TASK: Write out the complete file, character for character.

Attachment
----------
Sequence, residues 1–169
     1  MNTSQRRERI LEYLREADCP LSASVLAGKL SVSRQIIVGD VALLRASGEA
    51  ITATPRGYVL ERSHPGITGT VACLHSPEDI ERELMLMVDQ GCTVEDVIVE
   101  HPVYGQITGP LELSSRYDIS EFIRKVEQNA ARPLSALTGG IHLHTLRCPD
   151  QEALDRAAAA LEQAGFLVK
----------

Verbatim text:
Sequence, residues 1–169
     1  MNTSQRRERI LEYLREADCP LSASVLAGKL SVSRQIIVGD VALLRASGEA
    51  ITATPRGYVL ERSHPGITGT VACLHSPEDI ERELMLMVDQ GCTVEDVIVE
   101  HPVYGQITGP LELSSRYDIS EFIRKVEQNA ARPLSALTGG IHLHTLRCPD
   151  QEALDRAAAA LEQAGFLVK